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Learn how to make your own Vertical Garden Hanging Bottle Farm
Urban Green Survival

Red Worm Composting
Friendly – Informative – Interactive – Sustainable – Organic – Red Worm – Composting
A personal favorite of mine.

Wood Chip Heating Mound
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Urban Farming? Know Your Own Food – Grow Your Own Food

How to Grow Tomatoes

"Brandy Wine Tomato"

Brandy Wine Tomato

There are a variety of tomato types to grow.  There are a variety of ways to grow them.  There are tiny tomatoes, large tomatoes and medium tomatoes in between.  Red tomatoes, gold tomatoes, black tomatoes, purple tomatoes & more!    Choose your variety.  Choose your growing method.
Grow tomatoes using the simplest & most laid-back methods or commit to the more structured methods.  I try to choose a tomato type that will first most especially fit my time, the growing method I prefer & my growing area.  Then I select a variety.

How to Grow Tomatoes
Night Shade Family

Although seeds from previous crops do re-plant themselves & grow.

Full Sun

pH range: 5.8 – 7.0
Loose & organic rich.
Avoid soils that have housed eggplant, peppers, potatoes.

N=high P=high K=high
Routinely for healthier plants.
Fish emulsion, liquid seaweed, compost tea, worm tea, etc.

Bush type
Bush at mature size – Flowers – Bears Fruit – Stops Growing
Can be grown without support …but grows best with low support.
Does not have to be pruned
Less yield per square foot than indeterminate tomatoes.

True Vine
Continuous growth – Continuous Flowers – Continuous Fruit
Grows best with support
Continuous training required to maximize garden space.
Pruning: Directs growth to the main stem
Begin pruning about 2 Weeks after the final transplant into the garden.
Remove suckers non flowering stems
More yield per sq foot than determinate tomatoes.

Germinating Tomato Seeds
Recommend: Soil-less Starting Mix
Tomato seedlings are prone to damping-off disease.
A soil-less potting mix will help avoid this problem.

When to Sow
6 – 7 Weeks before last frost
Keep Moist – Not Wet
Keep Warm – Not Cold

1/2 Deep
1″ Apart

Days to Germination
6 – 8 Days
Move germinated seeds to a sunny window or grow light.

Step 1: At about 10 days old transplant seedlings into 2 inch growing pots.
Hint: Clip all leaves except leaves within top inch.
Replant seedlings covering entire stem up to top 1 inch where remaining leaves are.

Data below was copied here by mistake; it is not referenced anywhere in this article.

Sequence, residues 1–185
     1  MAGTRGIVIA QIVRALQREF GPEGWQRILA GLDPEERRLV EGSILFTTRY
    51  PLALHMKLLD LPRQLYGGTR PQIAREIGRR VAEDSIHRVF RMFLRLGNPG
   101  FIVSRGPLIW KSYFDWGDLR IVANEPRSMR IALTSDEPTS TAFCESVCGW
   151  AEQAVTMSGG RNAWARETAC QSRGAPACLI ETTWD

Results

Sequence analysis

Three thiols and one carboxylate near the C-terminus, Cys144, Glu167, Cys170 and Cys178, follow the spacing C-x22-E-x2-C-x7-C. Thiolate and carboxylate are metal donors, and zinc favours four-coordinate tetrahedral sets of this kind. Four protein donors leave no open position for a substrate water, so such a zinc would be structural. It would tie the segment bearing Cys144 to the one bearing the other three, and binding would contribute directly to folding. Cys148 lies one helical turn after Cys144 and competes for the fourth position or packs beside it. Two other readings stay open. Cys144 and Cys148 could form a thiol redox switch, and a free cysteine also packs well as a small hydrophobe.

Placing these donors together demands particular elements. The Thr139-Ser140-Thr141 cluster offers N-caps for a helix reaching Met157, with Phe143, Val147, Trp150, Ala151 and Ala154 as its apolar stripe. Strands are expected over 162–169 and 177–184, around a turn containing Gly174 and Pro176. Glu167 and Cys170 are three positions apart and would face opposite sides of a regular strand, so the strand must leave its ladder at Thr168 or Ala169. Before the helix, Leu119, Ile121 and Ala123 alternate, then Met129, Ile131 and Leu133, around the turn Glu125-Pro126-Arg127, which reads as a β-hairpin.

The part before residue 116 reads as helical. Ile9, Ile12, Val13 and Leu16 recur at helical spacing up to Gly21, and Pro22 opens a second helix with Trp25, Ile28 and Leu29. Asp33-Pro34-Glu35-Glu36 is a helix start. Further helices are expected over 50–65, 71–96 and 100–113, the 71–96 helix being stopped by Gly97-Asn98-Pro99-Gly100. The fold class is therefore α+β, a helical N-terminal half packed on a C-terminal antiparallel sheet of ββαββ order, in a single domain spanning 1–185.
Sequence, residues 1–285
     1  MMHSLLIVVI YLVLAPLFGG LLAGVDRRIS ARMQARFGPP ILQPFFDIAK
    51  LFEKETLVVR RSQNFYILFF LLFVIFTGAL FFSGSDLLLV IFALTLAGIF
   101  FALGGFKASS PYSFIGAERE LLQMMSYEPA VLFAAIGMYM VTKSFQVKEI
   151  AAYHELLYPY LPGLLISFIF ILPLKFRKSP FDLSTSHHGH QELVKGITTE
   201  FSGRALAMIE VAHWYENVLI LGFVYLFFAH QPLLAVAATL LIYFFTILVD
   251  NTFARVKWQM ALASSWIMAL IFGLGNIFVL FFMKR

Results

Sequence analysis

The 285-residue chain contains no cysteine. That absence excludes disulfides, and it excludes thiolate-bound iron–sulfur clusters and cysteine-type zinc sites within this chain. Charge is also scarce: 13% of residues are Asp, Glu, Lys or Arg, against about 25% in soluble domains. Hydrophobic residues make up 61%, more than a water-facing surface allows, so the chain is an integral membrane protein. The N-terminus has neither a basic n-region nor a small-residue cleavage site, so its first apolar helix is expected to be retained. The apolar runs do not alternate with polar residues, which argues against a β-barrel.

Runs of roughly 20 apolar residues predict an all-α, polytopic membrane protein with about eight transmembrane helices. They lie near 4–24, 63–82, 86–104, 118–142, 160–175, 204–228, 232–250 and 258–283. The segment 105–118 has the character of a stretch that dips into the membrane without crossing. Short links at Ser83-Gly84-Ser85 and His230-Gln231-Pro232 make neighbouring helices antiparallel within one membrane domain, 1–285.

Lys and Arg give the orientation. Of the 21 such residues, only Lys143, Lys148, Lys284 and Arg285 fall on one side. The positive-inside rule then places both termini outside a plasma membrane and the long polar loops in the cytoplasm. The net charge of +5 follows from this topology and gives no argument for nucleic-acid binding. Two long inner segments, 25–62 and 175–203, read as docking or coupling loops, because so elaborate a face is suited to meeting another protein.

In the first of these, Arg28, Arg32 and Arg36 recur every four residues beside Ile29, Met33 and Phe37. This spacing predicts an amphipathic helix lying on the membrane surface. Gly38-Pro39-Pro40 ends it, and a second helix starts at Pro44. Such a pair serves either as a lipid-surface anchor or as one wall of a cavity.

More roots will grow from the buried stem.
Stronger Roots = Stronger Plants

Step 2: About 2 weeks later transplant into 4 inch pots.
Hint Clip all leaves except leaves within the top 2 inches.
Replant seedlings covering entire stem up to top 2 inches where remaining leaves are.
More roots will grow from the buried stem.
Stronger Roots = Stronger Plant

Hardening Off:
About 2 weeks before transplanting to the garden or an outdoor planter.
Move tomato plants to a sheltered area outside.
Leave them out for a short while at first.
Increasing the outside time a little each day.
Tomato plants will be well adjusted to the outdoors by the time they are permanently transplanted into their outdoor area.

Into the Garden
Deep Planting Method
Promotes Deep Roots
Deep Roots Promote strength during drought & heat.
Dig a hole 6″ wide
Dig a depth so that only 4 inches of the plant will be exposed.
Clip off any leaves that will be buried.
Set the plant. Fill with soil. Water…extremely well.

Shallow Planting Method
Promotes Shallow Roots
Shallow Roots for cooler climates.
Inclined to suffer from drought & root damage.
But if that’s all you have to work with…go with it!
Dig a trench 2″ – 3″ Deep
Dig a length so that only the top 4 inches of the plant will be exposed.
Clip off any leaves that will be buried.
Lay in trench. Fill with soil leaving the top leafy 4″ exposed. Water…extremely well.

Harvesting Tomatoes
Recommend: Vine Ripening
Harvest tomatoes when the skin of the tomato slightly springs back to shape after the touch of a finger.
Don’t forget to save some seeds for next year.

Companion Plants
Asparagus, pot marigold, basil, nasturtium, onion, parsley, pepper,
cabbage family, carrot, bush bean, celery, chive, cucumber, marigold, mint, pepper, head lettuce, borage to name a few.

Bad Companion Plants
Fennel, dill, potato, pole bean

Tomato hornworm, tomato worm, aphids, blister beatles, stink bugs, tomato fruit worms to name a few.

Find your planting zone:
United States